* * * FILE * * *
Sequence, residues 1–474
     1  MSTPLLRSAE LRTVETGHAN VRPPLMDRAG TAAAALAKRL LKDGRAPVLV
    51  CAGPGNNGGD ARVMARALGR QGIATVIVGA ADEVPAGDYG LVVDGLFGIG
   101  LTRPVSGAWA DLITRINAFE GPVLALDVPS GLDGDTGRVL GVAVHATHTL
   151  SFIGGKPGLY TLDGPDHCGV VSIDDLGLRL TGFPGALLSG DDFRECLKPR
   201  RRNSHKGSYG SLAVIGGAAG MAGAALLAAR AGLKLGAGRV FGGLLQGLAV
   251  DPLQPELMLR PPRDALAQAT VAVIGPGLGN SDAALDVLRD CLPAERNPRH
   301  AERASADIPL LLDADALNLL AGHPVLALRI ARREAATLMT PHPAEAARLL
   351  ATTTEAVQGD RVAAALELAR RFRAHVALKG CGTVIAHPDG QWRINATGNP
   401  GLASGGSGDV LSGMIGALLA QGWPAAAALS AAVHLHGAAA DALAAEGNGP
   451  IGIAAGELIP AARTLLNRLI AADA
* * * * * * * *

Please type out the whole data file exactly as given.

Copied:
Sequence, residues 1–474
     1  MSTPLLRSAE LRTVETGHAN VRPPLMDRAG TAAAALAKRL LKDGRAPVLV
    51  CAGPGNNGGD ARVMARALGR QGIATVIVGA ADEVPAGDYG LVVDGLFGIG
   101  LTRPVSGAWA DLITRINAFE GPVLALDVPS GLDGDTGRVL GVAVHATHTL
   151  SFIGGKPGLY TLDGPDHCGV VSIDDLGLRL TGFPGALLSG DDFRECLKPR
   201  RRNSHKGSYG SLAVIGGAAG MAGAALLAAR AGLKLGAGRV FGGLLQGLAV
   251  DPLQPELMLR PPRDALAQAT VAVIGPGLGN SDAALDVLRD CLPAERNPRH
   301  AERASADIPL LLDADALNLL AGHPVLALRI ARREAATLMT PHPAEAARLL
   351  ATTTEAVQGD RVAAALELAR RFRAHVALKG CGTVIAHPDG QWRINATGNP
   401  GLASGGSGDV LSGMIGALLA QGWPAAAALS AAVHLHGAAA DALAAEGNGP
   451  IGIAAGELIP AARTLLNRLI AADA